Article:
The lull before the next big decision – the designation of the official campaign groups and the opening of the formal campaign period – continues with groups looking to maintain their profile and refine their messages. While less spectacular, this phase is still important for both sides, who have to compete to maintain relevance and interest among their voter base: in comparison to most other EU-related referendums, this is a long campaign, especially given that it has been informally fought since last May.
Social media activity reflects all of this. Growth in followers continues to slow (down to 5.4% this week), with larger groups showing slightly slower growth than those with fewer followers. however, there has been a push by the Leave to increase their volume of tweeting, not least in challenging Remain arguments and pushing on the case of the British Chamber of Commerce’s decision to remove its chair, john Longworth over his comments supporting Brexit.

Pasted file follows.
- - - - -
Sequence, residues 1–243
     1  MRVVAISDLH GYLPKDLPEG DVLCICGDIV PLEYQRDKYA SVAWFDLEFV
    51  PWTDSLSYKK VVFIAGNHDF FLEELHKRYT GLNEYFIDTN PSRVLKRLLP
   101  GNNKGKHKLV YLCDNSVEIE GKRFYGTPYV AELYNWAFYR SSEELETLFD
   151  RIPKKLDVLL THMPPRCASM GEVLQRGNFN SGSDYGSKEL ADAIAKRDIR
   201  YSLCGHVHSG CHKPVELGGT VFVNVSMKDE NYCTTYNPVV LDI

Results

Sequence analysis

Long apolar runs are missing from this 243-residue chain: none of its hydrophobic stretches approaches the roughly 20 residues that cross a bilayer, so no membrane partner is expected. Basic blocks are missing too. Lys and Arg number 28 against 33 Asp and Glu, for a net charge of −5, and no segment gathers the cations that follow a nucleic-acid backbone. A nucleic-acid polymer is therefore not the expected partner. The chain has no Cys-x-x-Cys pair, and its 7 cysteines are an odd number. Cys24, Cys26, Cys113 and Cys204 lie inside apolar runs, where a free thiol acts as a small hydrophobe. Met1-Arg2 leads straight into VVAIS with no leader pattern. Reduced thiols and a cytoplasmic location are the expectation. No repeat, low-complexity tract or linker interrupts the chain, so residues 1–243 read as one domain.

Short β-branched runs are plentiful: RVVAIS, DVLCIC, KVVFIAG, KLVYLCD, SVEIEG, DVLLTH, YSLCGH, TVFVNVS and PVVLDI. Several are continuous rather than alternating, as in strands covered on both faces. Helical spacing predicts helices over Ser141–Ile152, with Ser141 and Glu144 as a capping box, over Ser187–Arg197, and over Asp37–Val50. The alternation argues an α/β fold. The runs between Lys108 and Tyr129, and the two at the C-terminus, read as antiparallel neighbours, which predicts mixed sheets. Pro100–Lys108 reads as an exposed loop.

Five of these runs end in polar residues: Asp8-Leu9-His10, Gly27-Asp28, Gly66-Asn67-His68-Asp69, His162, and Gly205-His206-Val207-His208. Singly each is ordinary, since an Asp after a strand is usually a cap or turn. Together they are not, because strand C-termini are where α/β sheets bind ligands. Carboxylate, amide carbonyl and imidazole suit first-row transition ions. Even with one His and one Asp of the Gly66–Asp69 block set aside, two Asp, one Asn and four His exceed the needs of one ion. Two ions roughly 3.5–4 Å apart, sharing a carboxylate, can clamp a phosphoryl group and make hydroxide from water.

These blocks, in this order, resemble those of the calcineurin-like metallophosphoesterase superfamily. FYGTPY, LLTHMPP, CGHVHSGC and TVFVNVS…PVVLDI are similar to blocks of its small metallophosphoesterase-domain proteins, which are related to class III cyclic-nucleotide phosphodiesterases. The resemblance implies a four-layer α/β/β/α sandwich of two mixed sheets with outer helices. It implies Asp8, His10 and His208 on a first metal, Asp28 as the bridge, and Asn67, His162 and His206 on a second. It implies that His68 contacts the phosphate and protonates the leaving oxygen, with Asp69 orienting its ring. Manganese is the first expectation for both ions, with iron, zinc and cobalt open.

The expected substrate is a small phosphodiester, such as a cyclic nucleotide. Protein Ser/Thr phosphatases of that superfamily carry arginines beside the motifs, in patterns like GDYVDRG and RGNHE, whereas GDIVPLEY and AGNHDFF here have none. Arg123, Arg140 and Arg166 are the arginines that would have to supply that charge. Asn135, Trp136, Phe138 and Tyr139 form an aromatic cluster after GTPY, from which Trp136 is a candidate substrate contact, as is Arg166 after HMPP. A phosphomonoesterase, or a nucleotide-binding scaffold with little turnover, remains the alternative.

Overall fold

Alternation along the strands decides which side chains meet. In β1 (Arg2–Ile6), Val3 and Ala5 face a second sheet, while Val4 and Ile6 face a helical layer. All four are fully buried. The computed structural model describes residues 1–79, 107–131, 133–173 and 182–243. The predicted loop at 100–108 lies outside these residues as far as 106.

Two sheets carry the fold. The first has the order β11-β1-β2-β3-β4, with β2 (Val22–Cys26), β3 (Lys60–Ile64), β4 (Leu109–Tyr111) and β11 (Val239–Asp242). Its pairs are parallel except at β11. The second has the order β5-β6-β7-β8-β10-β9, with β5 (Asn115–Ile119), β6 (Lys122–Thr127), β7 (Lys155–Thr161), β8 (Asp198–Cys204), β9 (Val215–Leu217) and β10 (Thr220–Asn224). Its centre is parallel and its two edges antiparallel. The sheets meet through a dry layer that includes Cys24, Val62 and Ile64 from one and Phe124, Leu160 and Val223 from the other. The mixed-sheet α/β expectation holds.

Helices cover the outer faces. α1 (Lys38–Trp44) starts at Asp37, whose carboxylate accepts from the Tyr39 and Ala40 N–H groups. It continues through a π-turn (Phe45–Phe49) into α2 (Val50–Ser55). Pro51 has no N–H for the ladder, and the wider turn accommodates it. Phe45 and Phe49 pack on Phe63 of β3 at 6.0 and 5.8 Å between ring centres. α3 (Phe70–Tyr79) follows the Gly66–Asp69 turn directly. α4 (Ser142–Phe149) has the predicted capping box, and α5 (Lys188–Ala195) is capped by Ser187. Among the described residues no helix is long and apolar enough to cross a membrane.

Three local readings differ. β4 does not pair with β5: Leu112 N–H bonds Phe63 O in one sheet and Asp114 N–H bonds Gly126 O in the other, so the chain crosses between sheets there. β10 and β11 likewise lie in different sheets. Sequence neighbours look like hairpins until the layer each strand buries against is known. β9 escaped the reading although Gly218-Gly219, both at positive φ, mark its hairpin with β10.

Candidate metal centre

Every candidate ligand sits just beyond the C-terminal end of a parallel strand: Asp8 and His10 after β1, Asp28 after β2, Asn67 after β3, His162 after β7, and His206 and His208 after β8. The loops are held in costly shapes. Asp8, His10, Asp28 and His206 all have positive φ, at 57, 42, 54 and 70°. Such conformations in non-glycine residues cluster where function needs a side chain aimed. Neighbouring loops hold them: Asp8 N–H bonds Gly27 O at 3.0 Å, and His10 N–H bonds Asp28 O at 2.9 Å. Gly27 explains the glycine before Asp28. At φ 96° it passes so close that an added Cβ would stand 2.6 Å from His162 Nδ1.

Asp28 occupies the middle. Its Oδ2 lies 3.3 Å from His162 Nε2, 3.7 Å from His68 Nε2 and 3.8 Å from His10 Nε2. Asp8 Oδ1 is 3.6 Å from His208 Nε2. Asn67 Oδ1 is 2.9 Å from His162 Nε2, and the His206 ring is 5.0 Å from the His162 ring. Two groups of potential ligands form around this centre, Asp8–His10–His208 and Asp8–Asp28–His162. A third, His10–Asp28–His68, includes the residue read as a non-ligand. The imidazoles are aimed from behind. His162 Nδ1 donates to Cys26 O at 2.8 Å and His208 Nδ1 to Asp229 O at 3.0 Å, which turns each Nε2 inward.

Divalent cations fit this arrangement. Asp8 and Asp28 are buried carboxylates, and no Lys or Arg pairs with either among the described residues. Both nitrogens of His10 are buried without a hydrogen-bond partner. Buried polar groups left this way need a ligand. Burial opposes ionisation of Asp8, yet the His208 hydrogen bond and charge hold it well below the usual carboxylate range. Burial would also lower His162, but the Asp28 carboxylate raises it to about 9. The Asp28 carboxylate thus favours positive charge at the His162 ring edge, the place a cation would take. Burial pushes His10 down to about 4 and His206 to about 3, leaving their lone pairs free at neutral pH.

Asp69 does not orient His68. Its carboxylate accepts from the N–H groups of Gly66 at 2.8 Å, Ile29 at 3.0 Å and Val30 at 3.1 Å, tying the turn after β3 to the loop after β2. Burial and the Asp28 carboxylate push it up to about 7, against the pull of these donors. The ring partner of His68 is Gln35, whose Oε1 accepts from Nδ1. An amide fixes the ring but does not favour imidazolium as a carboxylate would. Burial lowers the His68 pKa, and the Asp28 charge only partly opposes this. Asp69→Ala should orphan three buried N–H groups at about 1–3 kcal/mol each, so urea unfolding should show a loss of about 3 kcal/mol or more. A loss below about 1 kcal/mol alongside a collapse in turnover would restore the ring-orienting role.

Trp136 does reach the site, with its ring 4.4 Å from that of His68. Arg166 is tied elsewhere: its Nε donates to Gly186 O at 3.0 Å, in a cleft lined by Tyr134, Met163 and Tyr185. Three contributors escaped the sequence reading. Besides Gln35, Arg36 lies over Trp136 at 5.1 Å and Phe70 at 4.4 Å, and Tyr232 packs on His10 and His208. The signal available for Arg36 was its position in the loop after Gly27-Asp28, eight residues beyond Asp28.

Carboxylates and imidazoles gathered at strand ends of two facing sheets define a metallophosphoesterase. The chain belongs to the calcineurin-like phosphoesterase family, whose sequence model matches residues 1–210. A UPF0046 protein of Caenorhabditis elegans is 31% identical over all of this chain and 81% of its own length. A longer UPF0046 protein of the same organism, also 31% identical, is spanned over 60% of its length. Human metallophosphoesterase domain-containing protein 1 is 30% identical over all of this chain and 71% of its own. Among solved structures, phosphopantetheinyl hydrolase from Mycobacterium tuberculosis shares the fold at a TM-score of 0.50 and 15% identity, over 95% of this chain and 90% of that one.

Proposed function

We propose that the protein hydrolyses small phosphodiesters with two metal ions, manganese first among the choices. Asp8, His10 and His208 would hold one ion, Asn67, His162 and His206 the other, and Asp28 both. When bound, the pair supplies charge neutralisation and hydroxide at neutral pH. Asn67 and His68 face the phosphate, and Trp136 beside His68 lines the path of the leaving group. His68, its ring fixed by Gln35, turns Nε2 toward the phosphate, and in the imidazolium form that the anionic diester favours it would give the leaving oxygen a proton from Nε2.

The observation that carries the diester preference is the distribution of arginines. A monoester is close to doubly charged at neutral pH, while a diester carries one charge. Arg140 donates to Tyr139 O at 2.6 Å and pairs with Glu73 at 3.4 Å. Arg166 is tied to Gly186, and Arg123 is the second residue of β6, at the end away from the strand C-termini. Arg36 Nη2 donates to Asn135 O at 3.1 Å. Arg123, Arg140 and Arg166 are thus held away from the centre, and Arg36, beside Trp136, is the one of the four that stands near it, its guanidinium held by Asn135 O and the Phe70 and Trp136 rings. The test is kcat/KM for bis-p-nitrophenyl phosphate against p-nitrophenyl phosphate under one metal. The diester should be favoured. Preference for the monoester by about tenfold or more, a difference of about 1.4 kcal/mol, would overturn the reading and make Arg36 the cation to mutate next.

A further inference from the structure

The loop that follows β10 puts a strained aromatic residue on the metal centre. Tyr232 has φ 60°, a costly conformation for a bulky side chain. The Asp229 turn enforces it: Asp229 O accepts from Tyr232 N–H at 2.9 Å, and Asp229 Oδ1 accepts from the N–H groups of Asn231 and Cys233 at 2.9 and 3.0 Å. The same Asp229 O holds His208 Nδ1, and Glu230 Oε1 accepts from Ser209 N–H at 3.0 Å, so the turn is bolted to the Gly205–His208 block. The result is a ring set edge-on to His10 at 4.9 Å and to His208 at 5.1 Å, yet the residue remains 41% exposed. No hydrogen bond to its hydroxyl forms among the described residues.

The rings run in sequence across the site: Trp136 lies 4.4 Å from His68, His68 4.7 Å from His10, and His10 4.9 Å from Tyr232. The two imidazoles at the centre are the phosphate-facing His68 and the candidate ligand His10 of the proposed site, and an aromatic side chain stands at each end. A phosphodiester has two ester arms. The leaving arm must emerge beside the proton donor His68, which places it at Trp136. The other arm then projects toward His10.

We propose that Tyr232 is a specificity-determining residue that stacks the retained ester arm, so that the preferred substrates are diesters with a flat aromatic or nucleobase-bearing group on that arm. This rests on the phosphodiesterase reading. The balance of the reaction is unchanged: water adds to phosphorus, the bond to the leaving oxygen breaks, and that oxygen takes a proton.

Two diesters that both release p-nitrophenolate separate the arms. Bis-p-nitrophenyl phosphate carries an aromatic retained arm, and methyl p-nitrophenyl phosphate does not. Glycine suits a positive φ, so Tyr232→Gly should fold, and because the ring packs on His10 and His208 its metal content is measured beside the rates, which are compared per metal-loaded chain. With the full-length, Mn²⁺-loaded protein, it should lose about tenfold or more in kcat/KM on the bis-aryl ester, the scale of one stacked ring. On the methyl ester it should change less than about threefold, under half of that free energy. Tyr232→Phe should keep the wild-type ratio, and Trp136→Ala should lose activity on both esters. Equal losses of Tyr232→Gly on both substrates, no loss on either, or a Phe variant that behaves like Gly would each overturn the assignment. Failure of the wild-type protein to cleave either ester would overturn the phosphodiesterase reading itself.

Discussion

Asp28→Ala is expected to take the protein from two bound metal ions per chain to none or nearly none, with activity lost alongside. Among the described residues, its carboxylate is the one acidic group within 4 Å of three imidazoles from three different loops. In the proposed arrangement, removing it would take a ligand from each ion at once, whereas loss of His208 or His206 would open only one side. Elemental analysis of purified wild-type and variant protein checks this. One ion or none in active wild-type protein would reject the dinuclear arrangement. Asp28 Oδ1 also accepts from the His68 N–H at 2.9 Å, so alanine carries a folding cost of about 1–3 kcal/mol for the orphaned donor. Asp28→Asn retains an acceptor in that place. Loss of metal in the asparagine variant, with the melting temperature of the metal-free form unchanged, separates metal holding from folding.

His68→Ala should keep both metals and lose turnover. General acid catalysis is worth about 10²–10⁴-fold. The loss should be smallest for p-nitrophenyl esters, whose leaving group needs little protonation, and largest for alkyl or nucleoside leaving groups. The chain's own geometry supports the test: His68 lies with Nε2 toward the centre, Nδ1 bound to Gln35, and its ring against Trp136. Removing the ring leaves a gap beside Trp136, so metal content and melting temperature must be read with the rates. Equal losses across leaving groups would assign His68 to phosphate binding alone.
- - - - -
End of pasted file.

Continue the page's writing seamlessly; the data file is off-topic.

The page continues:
The relatively positive tone has continued, with Leave groups registering an uptick in positively-framed tweets this week (albeit mostly due to a lot of tweets about specific campaigning activity, rather than substantive content). Remain have stabilised somewhat after recent drops, although as can be seen in the charts below, all three main groups have trended upwards over the past month with the volume of tweets that make negative comments about other groups. However, our analysis from last week continues to be the case, namely that positively-framed arguments get more retweets and favourites than any other category of tweets, suggesting that groups looking to get the strongest engagement with followers might benefit from a balanced approach to their content.
This said, we have seen the maintenance of the broad pattern to date, in terms of framing, with Remain groups making more of the case for continued membership, while Leave groups give over more space to positive tweets relating to themselves or their activities. This latter is clearly facilitated by the extent of sharing campaigning activity between Leave groups, something that has not occurred nearly so much on the other side.